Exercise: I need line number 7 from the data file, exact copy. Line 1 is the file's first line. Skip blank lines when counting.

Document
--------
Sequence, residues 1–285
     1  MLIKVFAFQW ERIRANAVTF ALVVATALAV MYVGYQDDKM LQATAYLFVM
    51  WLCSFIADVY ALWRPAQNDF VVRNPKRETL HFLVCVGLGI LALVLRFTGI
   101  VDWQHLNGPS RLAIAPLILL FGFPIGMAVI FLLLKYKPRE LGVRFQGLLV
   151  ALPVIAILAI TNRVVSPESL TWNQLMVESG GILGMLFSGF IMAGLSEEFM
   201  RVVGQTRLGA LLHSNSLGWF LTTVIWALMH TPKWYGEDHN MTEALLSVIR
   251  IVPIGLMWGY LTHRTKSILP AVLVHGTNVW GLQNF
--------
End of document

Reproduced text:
   251  IVPIGLMWGY LTHRTKSILP AVLVHGTNVW GLQNF